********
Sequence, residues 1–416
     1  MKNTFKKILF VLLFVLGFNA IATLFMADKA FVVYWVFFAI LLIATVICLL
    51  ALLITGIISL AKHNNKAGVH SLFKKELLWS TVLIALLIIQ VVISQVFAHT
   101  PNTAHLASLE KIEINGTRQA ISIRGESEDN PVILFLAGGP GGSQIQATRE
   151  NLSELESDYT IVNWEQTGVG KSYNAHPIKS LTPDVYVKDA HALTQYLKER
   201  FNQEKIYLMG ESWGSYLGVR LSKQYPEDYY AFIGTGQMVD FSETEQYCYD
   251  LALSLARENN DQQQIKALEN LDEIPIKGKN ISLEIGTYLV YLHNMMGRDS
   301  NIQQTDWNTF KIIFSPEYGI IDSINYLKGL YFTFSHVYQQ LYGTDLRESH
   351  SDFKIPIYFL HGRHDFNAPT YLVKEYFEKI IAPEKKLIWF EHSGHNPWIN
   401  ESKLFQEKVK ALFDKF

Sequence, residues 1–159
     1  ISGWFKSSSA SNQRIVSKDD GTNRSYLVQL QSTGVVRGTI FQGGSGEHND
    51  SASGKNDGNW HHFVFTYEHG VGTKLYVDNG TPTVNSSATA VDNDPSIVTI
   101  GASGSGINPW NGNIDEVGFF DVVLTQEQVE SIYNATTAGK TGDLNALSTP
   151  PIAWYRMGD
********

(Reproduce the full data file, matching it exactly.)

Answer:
Sequence, residues 1–416
     1  MKNTFKKILF VLLFVLGFNA IATLFMADKA FVVYWVFFAI LLIATVICLL
    51  ALLITGIISL AKHNNKAGVH SLFKKELLWS TVLIALLIIQ VVISQVFAHT
   101  PNTAHLASLE KIEINGTRQA ISIRGESEDN PVILFLAGGP GGSQIQATRE
   151  NLSELESDYT IVNWEQTGVG KSYNAHPIKS LTPDVYVKDA HALTQYLKER
   201  FNQEKIYLMG ESWGSYLGVR LSKQYPEDYY AFIGTGQMVD FSETEQYCYD
   251  LALSLARENN DQQQIKALEN LDEIPIKGKN ISLEIGTYLV YLHNMMGRDS
   301  NIQQTDWNTF KIIFSPEYGI IDSINYLKGL YFTFSHVYQQ LYGTDLRESH
   351  SDFKIPIYFL HGRHDFNAPT YLVKEYFEKI IAPEKKLIWF EHSGHNPWIN
   401  ESKLFQEKVK ALFDKF

Sequence, residues 1–159
     1  ISGWFKSSSA SNQRIVSKDD GTNRSYLVQL QSTGVVRGTI FQGGSGEHND
    51  SASGKNDGNW HHFVFTYEHG VGTKLYVDNG TPTVNSSATA VDNDPSIVTI
   101  GASGSGINPW NGNIDEVGFF DVVLTQEQVE SIYNATTAGK TGDLNALSTP
   151  PIAWYRMGD